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International tattoo artist gives us the DL on the industry

This weekend the South African International Tattoo Convention is will be taking place in Cape Town.

It attracts 80 tattoo artists from around the world to contribute to this three-day big event. Showcasing, within a refined and intimate setting, the best of international tattoo art. Visitors can look forward to experiencing new cultures and people, world-class tattooing and generally just a good time! So in the spirit of all things ink, we sat down with Katie Gray — a tattoo artist based at New York Adorned Tattoo Parlour in New York City. She tells us the ins and out outs of the industry as well as the do’s and don’ts of tattoos!

How did you become a tattoo artist?

I became a tattoo artist in 2009, just a couple days after I graduated with my MFA from California College of The Arts, San Francisco.  I had a dear friend from my undergraduate degree who had become a Tattoo artist. I called her a day after my graduation and she agreed to take me under her wing.  The economic crisis in the USA was horrible in 2009 and many people were without jobs. So I figured, if I technically wasn’t going to be making good money at this point, I may as well take this time to learn a craft I adore.

Do you have to have a history of art or design?

I believe the above answer touches a bit on this, but I have always been a painter and sculptor with a heavy hand in performance art.  I did my Undergraduate degree at UC Santa Cruz, CA and my MFA in sculpture at CCA. My focus was on bronze work, metals, wood and large-scale fabric installations, and painting, and performance art.  So yes, I’ve really run the gamut.

Would you say you need training in art or design to become a tattoo artist?

I would say having training in art and design will always put you a step ahead in becoming a Tattoo artist, though no medium compares to human skin. You don’t need this as a prerequisite and in some cases, tattooing can make you have to learn everything all over.  So as long as you’ve not gotten too rigid in your ‘fine art’ practice and are open to learning, these two practices can be complementary.

What is your most memorable experience as an artist?

My most memorable experience as a Tattoo artist was doing work for the Healing Ink project in where we tattooed survivors of the 911 tragedy.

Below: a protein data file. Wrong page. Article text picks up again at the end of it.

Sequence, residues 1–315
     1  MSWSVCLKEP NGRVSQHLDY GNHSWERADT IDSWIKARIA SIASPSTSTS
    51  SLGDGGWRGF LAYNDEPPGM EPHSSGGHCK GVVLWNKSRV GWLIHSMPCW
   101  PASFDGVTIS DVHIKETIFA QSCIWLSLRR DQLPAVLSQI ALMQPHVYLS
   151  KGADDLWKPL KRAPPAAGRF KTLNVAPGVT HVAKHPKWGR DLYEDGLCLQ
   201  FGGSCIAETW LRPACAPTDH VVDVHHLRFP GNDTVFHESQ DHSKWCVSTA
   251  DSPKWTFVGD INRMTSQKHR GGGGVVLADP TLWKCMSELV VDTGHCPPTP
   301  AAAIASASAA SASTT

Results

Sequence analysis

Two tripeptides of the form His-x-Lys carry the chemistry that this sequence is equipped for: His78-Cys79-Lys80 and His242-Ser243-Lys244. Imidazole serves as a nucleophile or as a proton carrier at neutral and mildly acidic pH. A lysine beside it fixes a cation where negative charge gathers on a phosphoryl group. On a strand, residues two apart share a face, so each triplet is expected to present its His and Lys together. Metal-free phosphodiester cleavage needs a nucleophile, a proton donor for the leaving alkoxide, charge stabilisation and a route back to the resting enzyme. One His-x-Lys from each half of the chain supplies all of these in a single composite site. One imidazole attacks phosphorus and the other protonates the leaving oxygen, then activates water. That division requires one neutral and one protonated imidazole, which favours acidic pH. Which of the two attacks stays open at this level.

Your first-timers what is your advice?

First-timers should do their research first and make sure the work you’re looking for fits the aesthetic of your Tattoo artist. Set up a consultation, and as long as you feel good about them, trust them.  A little trust and calm go a long way for us Tattoo artists, you will always get the best work that way.

Do you find being a female in the industry is a struggle or is it equal?

Being a female in the industry is a double-edged sword.  While we have to hold ourselves to a higher standard and things can feel unequal and a bit tougher for us, we have the benefit that a lot of clients are attracted to our approach. My hopes is that in the future it would no longer be about femaleness in the industry, and move toward a community that is driven to inspire and uplift one another, and your merit would lie solely in your work/work ethic and what you’re bringing to the table, no longer what you may or may not have under your trousers.

What are the biggest tattoo trends of 2018?

2018 has blown the lid for tattooing as it seems anything goes.  I would say, however, geometric black work, American and Japanese traditional still hold the top.

What is your greatest achievement so far as an artist?

My greatest achievement as an artist so far was being able to live and work as a successful artist in New York City. It was a dream I never thought I’d attain.

Should you trust a tattoo artist with no tattoos?

No, do not trust a Tattoo artist without tattoos, they cannot fully empathize with what you’re going through. That’s just bad Karma.

Have you ever messed up a tattoo while doing one?

We don’t get paid to do mistakes 🙂 But yes, there’s a learning curve and we all must go through it.

What is your biggest fear when it comes to tattoos?

My biggest fear is that the client won’t be happy with the work. Worst nightmare!

Check out some of Katie’s work on her Instagram!

To find out more about the South African International Tattoo Convention, visit their website

Glamour International